“We achieved this by looking at the elastic engine, the nonwovens, and how we process those nonwovens—some of the steps are proprietary, some are patented,” said Matt O’Sickey, global elastic products leader for personal care. “Essentially the product is a combination of technologies achieved by stepping back and looking at the need and asking how do we make a better product.”

    According to Mr. O’Sickey, Tre­degar’s hygiene customers have really been raising the bar when it comes to improved fit that has been achieved through a combination of elasticity, appearance, performance and breath­ability. “From what I see in the market, it seems that all of the baby care and adult hygiene products are continually moving toward a more underwear-like solution. The more it looks and feels like an actual garment, the more acceptance our hygiene customers have from consumers.”

    Meanwhile on the nonwovens front, stretchable products have been launched by nearly all of the major suppliers in the hygiene market. These nonwovens are generally combined with a stretchable film to improve the tactile feel as well as the overall cost of the product.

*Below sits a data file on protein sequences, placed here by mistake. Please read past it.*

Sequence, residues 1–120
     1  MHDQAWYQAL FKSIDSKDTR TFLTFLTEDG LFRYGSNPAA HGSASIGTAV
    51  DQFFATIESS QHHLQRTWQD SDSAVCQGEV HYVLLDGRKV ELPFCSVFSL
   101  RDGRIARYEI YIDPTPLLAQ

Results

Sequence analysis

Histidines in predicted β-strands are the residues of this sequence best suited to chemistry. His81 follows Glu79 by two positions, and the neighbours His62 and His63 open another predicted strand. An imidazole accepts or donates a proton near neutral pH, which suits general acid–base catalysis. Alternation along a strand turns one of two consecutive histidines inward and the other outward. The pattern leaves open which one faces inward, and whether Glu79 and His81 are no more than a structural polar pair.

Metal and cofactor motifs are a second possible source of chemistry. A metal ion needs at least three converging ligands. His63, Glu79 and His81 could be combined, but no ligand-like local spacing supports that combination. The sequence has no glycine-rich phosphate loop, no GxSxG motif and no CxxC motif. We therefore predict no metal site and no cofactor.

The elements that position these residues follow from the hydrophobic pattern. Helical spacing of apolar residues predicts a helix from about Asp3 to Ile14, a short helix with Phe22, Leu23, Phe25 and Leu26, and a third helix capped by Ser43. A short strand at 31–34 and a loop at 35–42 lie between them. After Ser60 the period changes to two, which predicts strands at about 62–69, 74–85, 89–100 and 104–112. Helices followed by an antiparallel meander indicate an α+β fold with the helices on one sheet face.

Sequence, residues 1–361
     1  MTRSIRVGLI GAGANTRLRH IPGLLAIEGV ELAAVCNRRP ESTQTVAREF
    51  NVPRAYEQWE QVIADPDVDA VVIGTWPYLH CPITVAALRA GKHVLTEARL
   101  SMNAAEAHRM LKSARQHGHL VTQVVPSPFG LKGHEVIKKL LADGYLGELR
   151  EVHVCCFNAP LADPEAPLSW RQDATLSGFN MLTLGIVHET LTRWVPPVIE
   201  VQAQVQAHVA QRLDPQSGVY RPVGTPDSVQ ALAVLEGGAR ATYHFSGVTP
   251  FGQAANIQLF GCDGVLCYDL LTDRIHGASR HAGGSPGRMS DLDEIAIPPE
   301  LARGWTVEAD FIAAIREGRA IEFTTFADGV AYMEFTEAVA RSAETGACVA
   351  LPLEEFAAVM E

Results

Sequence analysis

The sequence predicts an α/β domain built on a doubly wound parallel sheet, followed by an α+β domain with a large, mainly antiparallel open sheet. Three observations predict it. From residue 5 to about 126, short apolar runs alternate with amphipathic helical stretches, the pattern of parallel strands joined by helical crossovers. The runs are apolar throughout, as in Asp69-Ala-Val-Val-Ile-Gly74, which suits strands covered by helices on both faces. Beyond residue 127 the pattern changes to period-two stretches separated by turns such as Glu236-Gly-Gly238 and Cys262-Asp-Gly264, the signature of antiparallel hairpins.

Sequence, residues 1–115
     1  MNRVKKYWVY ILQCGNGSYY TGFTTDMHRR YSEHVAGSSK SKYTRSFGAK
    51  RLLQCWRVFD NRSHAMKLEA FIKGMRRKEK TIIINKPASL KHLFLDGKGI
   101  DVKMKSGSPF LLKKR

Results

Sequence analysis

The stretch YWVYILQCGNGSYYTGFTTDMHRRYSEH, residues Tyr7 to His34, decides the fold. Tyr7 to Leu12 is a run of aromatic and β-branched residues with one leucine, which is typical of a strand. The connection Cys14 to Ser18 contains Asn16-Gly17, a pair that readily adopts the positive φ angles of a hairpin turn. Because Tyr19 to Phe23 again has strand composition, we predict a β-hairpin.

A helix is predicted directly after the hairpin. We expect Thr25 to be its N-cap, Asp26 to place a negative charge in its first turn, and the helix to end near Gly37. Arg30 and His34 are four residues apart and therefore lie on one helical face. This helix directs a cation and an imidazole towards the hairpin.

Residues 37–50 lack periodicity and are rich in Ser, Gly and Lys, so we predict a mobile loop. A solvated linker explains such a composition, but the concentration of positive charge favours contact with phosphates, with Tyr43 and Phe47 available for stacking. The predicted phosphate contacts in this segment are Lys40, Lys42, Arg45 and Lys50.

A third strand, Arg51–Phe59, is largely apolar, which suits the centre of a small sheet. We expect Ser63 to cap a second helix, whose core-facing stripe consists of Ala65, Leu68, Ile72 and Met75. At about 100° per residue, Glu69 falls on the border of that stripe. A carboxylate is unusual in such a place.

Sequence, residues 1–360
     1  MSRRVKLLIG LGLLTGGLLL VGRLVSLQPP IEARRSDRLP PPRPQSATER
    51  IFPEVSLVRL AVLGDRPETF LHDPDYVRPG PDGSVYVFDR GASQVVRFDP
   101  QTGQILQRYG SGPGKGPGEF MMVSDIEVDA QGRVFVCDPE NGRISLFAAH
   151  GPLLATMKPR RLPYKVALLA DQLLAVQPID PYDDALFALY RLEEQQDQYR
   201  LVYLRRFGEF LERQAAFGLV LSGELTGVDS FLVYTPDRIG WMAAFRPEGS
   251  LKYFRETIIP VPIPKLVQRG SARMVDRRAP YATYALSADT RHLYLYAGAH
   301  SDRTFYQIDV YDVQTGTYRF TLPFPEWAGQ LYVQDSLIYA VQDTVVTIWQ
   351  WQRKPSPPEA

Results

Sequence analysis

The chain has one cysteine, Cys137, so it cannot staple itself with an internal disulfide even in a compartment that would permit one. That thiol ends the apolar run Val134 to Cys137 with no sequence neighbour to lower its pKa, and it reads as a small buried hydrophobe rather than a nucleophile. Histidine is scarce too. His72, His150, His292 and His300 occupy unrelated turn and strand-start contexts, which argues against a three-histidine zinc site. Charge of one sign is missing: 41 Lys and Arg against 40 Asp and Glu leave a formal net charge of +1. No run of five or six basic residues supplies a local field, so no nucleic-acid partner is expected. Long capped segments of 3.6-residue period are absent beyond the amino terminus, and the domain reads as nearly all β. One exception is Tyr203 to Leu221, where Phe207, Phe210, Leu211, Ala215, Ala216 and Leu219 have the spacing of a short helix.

“When the elastic film is the engine and it’s laminated to a typical carded nonwoven, the nonwoven takes a way the ability for the panel to stretch , unless activated,” explained Jose Pina, global market director for Dow’s health and hygiene business. “By using an elastic nonwoven in place of a standard nonwoven, you bypass the need to activate the stretch.”    

    The ability of nonwovens and films to incorporate stretchability has largely been achieved on the polymer level. ExxonMobil has had considerable success in the hygiene and personal care markets with its Vistamaxx technology, which can allow a nonwovens producer to make a truly elastic fabric in a single step. “In the past this was possible only in a multistep process. That is the biggest advantage, eliminating steps in the process (to reduce total system cost while achieving required performance,)” said George Racine, market development manager of ExxonMobil.

    Another key player Dow Chemical has been making strides both within its internal business as well as through its Advanced Design Concepts joint venture with Fiberweb. According to Mr. Pina, technology efforts are focusing on simplifying the process of incorporating stretch in disposable products. “In a lot of cases you can achieve the same performance level with materials that may not be as cost-burdensome as some of the specialty elastomers and that’s where we have been focusing a lot of our polymer development efforts  internally. In addition,  ADC has been focusing on bridging the gaps between cost and what the customer wants through unique elastic nonwoven technology.”